So what does Scripture say about forgiveness? Actually a great deal. We can’t dive into all the instances in this article due to word count restraints. But I’d love to highlight one parable in particular: the parable of the unforgiving servant (Matthew 18:21-35).
In this story, Jesus tells about a servant who owes his master an inordinate amount of money. In fact, he has so much debt, that even if he worked his whole life, he could never repay his master.
His master decides to relieve him of his debt. The servant rejoices and finds a coworker who is under him who owes him money, a small amount, far less than he had owed his master. The coworker asks for a little more time, and the servant, angry, throws him into debtors’ prison.
When the master hears word of this, he gets angry and throws his servant in jail. After all, the servant, having his debt pardoned, should’ve done the same to the coworker who had a far lesser debt.
Jesus makes the lesson of this parable obvious: we should forgive others.
After all, Christ forgave our debt of sin that we could never repay, not even after a lifetime dedicated to service and good works. Therefore, when someone wrongs us, we choose to forgive.
We should note that this passage does not negate the idea of justice.
If someone commits an illegal act, the Bible does say that vengeance is the Lord’s (Romans 12:19). And that no sin that was hidden will go without notice (Luke 8:17). Therefore, we can rest assured that justice does come and will come in the future, but we should not take that revenge into our own hands.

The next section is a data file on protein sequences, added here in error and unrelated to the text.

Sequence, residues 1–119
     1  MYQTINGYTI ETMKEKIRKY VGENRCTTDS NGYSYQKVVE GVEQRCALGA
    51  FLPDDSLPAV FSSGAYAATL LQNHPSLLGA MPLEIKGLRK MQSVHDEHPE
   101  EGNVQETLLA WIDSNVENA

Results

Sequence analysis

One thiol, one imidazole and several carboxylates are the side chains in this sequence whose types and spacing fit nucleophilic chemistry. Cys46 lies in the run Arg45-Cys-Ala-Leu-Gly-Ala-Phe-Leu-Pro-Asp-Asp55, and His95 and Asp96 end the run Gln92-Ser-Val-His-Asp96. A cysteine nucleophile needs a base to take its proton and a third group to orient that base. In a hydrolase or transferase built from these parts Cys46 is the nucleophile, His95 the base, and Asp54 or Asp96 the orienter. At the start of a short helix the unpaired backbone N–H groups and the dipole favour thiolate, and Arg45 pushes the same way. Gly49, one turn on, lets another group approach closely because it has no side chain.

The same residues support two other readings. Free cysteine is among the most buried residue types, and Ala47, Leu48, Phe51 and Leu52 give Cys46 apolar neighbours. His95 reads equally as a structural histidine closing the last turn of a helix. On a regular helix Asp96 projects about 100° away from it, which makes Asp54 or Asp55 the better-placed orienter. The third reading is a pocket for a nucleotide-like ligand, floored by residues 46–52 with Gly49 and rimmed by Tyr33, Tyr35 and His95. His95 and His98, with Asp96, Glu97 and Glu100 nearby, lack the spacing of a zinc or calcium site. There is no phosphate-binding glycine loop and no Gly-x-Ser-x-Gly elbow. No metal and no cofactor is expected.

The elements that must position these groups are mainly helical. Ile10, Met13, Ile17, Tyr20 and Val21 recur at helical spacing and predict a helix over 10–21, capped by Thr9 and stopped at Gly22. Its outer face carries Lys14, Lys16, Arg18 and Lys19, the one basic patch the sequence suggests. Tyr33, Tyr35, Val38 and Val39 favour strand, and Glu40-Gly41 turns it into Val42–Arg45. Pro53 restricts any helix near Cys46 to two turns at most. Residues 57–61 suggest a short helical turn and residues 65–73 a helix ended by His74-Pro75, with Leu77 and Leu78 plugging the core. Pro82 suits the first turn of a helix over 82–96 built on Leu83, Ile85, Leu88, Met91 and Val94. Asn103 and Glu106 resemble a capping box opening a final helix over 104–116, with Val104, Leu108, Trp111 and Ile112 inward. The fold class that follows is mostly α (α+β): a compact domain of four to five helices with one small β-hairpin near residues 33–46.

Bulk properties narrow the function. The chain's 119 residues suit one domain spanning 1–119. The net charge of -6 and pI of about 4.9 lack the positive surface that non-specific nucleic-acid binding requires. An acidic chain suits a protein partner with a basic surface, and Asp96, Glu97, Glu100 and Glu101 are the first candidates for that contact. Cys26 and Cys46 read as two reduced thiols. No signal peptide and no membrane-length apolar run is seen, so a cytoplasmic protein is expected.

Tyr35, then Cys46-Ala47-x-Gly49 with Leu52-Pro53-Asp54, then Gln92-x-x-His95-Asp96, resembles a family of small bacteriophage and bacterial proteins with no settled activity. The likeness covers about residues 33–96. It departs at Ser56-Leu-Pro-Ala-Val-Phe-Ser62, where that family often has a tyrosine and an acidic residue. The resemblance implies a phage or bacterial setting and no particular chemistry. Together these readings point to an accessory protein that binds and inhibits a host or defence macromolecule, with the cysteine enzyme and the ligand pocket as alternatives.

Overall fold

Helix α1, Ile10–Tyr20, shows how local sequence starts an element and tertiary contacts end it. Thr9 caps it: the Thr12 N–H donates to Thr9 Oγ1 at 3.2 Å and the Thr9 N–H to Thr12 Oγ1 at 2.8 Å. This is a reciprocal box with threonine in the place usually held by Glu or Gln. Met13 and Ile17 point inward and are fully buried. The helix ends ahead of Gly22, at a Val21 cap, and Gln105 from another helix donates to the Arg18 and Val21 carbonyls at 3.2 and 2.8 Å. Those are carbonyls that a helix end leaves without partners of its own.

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3 Reasons Ephesians 4:32 Encourages Us to ‘Be Kind to One Another’
We could explore loads of reasons for why Paul encouraged the Ephesians to exercise kindness to one another, especially to believers. In this section, we’ll lightly touch on three reasons.
First, we want to exemplify Christ.
Christian means “little Christ.” In everything we do, we want to emulate Christ’s example. And as we move further on our walk, we want to look more like our Savior every day. In doing so, we need to show kindness and compassion. Remember, Judas ate too. Jesus washed his feet during the Last Supper, even though he knew how Judas had already betrayed him and how he would betray him later on.
If Christ can wash Judas’ feet, we can show kindness to everyone, even our enemies.
Second, we have a choice to show God’s love.
Revenge is the easy choice to make. We get a thrill from having the last word or showing people not to mess with us.
But in doing so, we forget our mission here on earth.
God calls us to spread the good news of salvation to all peoples. If we choose malice or revenge, we risk failing to show someone the love of Christ. Perhaps it will turn them off to Christianity altogether if they see a believer who engages in hate and revenge.
Third, we remind ourselves of our mission.
Remember, without love, our good deeds mean nothing. When we choose kindness and forgiveness, we remind ourselves as to why God has placed us here on earth.
The Christian walk can often get exhausting. And if we lose sight of the why, we’ll fizzle or grow winded during the race.
Choosing kindness and forgiveness reminds us of Christ’s example. We can remember the parable of the unforgiving servant. No matter how much a friend or family member (or a complete stranger) has hurt us, we can remember the abounding grace of God in our own lives. He has forgiven us and shown us so much kindness. Therefore, we strive to do the same.
Scripture calls us to make two difficult choices: kindness and forgiveness. They sound easy on paper. Living out these concepts, however, is not easy..but it's what Christ desires for us all.
Through Christ’s example of humility, and the lovingkindness he has shown us, he has given us a mission and a mindset that often runs counter-culture. Nevertheless, when we choose kindness and forgiveness, we allow others to experience the grace of God—and we spur other believers to do the same.